For years, scientists have warned that the earth may be stepping into a mass extinction of plants and animals – caused entirely by human actions. Deforestation, the use of fossil fuels and overfishing, among other things, contribute to the devastating decline of biodiversity, and a solution to reverse some of the damage that’s already been done has to be found as a matter of urgency.
In a bid to do exactly that, representatives of 196 countries met in Montreal, Canada, in December 2022 at the 15th Conference of the Parties to the Convention on Biological Diversity (COP15).
“Nature and biodiversity [are] dying the death of a billion cuts. And humanity is paying the price for betraying its closest friend. In the words of the UN Secretary-General António Guterres, “we are committing suicide by proxy”. This Conference of the Parties must secure the future of our planetary life support system,” said Inger Andersen, UN Under-Secretary-General and UN Environment Programme Executive Director.
Assistant Secretary of State for Oceans and International Environmental And Scientific Affairs Monica Medina went on to comment: “More than one million species are at risk of extinction, many within decades, and more than ever before. This drop in biodiversity endangers all life on our planet, including our own.”
After two weeks of often tense talks, a landmark deal was reached when the almost 200 countries agreed to a new set of goals and targets to “halt and reverse” biodiversity loss by the end of the decade.
The previous framework, the 2010 Aichi Biodiversity Targets, was deemed a failure as none of its targets were met. Many experts contributed to the framework’s failure due to its vague language, and the fact it did not hold countries to specific action.
So should we hold out much hope for the new framework’s success?
“Our past failures have not been lost; we did learn from them, and we have taken these learnings into account for the development of the post-2020 global biodiversity framework,” says Elizabeth Maruma Mrema, Executive Secretary, UN Convention on Biological Diversity.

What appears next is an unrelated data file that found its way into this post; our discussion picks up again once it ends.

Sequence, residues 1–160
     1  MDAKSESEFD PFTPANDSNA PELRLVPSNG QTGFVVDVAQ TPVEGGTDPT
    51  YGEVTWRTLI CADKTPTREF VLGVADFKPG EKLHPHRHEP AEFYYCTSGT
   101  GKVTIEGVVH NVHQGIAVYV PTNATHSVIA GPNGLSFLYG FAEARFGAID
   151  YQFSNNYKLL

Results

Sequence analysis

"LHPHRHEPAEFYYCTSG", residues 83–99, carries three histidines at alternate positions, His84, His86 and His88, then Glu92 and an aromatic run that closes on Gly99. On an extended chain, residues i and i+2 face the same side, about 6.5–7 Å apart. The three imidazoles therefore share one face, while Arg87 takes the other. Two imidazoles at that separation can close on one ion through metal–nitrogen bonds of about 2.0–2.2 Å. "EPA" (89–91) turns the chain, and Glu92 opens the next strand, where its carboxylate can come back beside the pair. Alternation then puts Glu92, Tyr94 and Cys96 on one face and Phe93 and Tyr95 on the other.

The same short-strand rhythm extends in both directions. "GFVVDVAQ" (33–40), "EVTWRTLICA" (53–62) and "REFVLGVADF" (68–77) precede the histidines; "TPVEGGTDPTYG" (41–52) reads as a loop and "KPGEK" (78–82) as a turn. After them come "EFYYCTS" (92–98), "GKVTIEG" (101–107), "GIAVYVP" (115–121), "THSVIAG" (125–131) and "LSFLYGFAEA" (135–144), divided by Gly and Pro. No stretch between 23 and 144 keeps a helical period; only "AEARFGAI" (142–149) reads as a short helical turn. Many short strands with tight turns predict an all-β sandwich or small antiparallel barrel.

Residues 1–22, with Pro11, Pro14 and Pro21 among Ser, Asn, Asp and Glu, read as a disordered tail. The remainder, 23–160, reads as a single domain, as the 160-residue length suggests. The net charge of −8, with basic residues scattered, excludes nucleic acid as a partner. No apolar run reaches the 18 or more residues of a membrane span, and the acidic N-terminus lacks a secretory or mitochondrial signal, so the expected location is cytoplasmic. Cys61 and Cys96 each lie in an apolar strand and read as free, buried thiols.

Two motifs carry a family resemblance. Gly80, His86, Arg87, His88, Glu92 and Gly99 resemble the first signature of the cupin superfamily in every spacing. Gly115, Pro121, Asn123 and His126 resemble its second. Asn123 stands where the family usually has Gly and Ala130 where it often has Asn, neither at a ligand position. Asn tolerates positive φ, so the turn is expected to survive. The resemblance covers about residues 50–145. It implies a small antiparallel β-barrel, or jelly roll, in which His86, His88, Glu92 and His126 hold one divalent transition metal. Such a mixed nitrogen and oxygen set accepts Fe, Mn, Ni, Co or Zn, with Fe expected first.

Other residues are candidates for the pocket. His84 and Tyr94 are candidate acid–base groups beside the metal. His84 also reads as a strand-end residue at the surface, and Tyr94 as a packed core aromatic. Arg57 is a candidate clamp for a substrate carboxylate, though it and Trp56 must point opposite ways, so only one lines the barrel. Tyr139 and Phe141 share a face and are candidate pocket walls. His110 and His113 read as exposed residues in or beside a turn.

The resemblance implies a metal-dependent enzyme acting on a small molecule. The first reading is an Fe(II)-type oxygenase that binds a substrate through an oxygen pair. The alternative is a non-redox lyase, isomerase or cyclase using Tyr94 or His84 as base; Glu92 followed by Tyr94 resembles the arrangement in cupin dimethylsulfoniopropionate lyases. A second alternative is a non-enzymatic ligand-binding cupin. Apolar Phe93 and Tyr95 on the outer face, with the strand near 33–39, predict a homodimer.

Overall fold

According to her, the post-2020 framework addresses the urgent need for transformative changes in an open, transparent, inclusive and science-based way. “It includes ambitious but realistic targets and will feature open and robust reporting and a review mechanism to address previous deficiencies in reporting and review, such as with the Aichi targets,” she notes.
What kind of strategic vision and roadmap does the framework provide for the protection, restoration and sustainable management of biodiversity and ecosystems?
The post-2020 framework is for productive sectors, governments, civil society, businesses, banks, farmers, teachers, students, consumers, producers – as well as me and you.
The new ‘Kunming-Montreal Global Biodiversity Framework’ (GBF) includes four goals and 23 targets for achievement by 2030. One of the main goals is to “ensure and enable that by 2030 at least 30 percent of terrestrial, inland water, and coastal and marine areas, especially areas of particular importance for biodiversity and ecosystem functions and services, are effectively conserved and managed,” while recognising “indigenous and traditional territories", where applicable.
Currently, 17 percent and ten percent of the world's terrestrial and marine areas respectively are under protection.
And what does implementing the post-2020 global biodiversity framework mean for governments, and can corporations take part in its implementation?
One of the framework’s targets is to “require large and transnational companies and financial institutions to monitor, assess, and transparently disclose their risks, dependencies and impacts on biodiversity through their operations, supply and value chains and portfolios.”
Mrema notes that businesses including corporations and financial institutions will be an integral part of the implementation of the framework. Some current targets for their contribution include mainstreaming to align government policies and strategies with the vision of the framework, as well as resource mobilisation to increase financial flows and the amounts of investment dedicated to generating a positive impact on biodiversity.
“The post-2020 framework takes an ‘all hands-on-deck approach: whole-of-society, whole-of-government; a true framework for all. This means it is for productive sectors, governments, civil society, businesses, banks, farmers, teachers, students, consumers, producers – as well as me and you. With that being said, we have a lot of work to do to get there,” Mrema concludes.